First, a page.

The World Financial Discussion board Doesn’t Have An Optimistic Outlook For Latin American And Caribbean Economies

News Americas, NEW YORK, NY, Fri October 30, 2020: The COVID-19 crisis has hit the global economy hard, and Latin America and the Caribbean were no exception. The World Economic Forum, in collaboration with the International Monetary Fund, recently published a new report on the region’s economy and its likely response over the coming months. The outlook is not optimistic.

According to the report, Latin America’s GDP could fall by 8.1% by the end of 2020. This is mainly due to the fact that many employees in the area have jobs that require close face-to-face contact and the internet infrastructure does not allow remote work to be too convenient.

However, the blow isn’t even. When the five largest Latin American countries saw GDP decline of around 20% on average, Peruvian GDP fell by a whopping 40%, making recovery even more problematic. The IMF indicated that extensive measures would soon have to be taken; Otherwise a recession is imminent.

Latin America was one of the hardest hit regions by COVID-19

To understand the impact of COVID-19 on the local economy, we must first understand the extent of the health crisis. And unfortunately, Latin America was one of the regions hardest hit by the novel coronavirus. Although Latin America only accounts for 8.2% of the world’s population, it has 28% of the world’s cases and 34% of deaths. As of September 2020, Brazil alone had 4.5 confirmed cases, ranking third after the US and India. Mexico, Peru, Colombia and Argentina also had large outbreaks and were among the top 10 countries with the highest number of cases. In total, over 325,000 deaths have been reported across the region – one of the highest fatalities in the world after the United States.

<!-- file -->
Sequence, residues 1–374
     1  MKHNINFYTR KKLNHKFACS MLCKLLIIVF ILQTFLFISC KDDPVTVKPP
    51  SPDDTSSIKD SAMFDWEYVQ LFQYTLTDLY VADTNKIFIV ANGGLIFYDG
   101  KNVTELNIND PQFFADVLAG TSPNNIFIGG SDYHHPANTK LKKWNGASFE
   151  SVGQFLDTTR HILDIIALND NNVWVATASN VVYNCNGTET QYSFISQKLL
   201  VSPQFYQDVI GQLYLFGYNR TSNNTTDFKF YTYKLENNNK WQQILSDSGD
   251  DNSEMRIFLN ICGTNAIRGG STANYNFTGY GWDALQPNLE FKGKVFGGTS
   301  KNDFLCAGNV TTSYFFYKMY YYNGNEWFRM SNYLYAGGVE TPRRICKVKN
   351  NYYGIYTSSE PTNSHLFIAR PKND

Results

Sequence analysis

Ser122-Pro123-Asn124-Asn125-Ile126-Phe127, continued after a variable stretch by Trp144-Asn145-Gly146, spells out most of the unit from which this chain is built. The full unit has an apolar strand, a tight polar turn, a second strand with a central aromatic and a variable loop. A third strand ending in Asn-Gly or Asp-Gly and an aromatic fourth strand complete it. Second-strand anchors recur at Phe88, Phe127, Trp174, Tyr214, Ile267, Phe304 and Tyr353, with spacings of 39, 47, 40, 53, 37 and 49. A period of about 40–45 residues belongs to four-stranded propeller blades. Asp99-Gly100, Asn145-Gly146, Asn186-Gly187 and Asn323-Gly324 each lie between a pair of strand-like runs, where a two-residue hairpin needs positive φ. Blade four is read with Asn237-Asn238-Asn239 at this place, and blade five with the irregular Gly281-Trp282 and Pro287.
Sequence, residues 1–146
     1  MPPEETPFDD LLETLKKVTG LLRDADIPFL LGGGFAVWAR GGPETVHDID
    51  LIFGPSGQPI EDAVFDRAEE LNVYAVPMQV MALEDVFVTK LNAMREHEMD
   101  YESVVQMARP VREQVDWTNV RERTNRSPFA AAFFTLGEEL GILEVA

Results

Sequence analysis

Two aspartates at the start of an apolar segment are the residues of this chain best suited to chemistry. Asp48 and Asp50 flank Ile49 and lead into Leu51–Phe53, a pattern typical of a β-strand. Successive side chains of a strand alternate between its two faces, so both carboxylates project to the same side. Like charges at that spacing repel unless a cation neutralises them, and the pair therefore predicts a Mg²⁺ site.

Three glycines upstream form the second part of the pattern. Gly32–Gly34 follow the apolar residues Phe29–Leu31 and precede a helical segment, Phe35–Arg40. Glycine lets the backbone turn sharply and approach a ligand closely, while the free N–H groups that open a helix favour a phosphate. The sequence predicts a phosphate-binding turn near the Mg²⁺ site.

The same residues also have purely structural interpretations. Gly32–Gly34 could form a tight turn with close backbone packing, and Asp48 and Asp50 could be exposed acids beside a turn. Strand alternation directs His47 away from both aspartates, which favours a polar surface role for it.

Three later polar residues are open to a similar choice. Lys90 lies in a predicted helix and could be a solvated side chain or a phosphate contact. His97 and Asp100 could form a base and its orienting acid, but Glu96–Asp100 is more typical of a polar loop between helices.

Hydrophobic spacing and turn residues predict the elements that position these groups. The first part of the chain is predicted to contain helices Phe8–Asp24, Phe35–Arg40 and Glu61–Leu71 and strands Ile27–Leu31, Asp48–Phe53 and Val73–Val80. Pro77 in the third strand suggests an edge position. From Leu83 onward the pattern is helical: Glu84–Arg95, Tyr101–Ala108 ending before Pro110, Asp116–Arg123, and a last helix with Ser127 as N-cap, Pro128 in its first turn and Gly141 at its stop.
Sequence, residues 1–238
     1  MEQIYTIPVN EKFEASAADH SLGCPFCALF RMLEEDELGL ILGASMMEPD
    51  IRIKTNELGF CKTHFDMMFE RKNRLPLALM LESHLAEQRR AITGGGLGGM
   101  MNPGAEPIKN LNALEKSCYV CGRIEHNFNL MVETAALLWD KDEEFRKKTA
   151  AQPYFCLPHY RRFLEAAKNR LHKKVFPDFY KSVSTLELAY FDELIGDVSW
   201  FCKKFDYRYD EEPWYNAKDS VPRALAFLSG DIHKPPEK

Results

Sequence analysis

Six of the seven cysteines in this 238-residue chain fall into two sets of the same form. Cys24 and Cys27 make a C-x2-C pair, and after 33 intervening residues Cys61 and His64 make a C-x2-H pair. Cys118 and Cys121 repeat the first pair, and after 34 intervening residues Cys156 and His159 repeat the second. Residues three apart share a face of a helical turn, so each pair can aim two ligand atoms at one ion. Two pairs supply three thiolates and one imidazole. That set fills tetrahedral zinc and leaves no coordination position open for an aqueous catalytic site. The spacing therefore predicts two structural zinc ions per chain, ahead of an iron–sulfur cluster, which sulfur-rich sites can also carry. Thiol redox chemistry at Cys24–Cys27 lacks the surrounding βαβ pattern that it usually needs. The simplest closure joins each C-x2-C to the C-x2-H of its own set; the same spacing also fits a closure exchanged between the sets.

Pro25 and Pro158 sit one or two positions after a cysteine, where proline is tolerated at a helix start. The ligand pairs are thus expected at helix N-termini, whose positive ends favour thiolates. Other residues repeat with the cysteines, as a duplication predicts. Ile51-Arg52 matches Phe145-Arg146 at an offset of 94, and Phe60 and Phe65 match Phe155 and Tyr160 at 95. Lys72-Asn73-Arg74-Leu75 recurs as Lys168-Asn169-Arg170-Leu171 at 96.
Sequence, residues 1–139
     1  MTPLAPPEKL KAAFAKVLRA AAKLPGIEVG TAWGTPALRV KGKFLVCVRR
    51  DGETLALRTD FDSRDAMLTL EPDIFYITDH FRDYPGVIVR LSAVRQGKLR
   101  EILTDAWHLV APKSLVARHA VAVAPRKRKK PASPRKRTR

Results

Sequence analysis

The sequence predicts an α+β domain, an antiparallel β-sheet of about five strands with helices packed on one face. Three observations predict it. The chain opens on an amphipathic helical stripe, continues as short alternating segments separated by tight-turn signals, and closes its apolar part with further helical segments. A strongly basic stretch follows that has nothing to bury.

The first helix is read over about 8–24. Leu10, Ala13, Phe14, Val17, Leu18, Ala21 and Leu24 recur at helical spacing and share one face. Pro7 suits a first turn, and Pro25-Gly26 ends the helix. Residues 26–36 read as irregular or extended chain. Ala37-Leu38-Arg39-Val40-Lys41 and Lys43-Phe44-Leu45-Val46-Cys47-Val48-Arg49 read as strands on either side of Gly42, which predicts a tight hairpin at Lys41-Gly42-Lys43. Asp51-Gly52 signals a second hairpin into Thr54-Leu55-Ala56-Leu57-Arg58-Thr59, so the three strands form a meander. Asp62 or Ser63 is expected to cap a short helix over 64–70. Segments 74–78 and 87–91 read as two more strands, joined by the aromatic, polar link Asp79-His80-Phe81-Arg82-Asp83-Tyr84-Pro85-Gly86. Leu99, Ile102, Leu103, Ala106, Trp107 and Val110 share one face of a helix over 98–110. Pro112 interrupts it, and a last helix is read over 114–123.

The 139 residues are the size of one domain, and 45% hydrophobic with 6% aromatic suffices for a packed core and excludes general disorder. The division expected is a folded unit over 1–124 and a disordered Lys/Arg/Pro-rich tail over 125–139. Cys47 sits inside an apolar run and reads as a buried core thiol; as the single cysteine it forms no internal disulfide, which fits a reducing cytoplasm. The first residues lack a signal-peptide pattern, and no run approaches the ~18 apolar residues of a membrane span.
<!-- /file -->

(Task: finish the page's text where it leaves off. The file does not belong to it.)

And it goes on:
Factors that exacerbated the economic impact of the pandemic

Latin America and the Caribbean aren’t the only regions of the word badly hit by the coronavirus, but they were one of the regions where the coronavirus had serious economic consequences. The report highlights that this was done for three structural reasons:

  1. In Latin America, most workers have jobs that require close personal contact. It is estimated that up to 45% of all jobs in the region are in sectors such as passenger transportation, retail and restaurants, where employees are unable to adequately follow social distancing guidelines. In other emerging economies the figure is only 30%.
  1. Latin America and the Caribbean have some of the lowest rates of teleworking in the world. Due to the poor internet infrastructure, only every fifth job can be carried out remotely. In comparison, the average in the rest of the developing world is 26%.
  1. The region is heavily dependent on tourism. Tourism accounts for 20-90% of the economies of Latin American countries, and even in countries that have managed to keep outbreaks under control, it has still been impossible to resume tourism.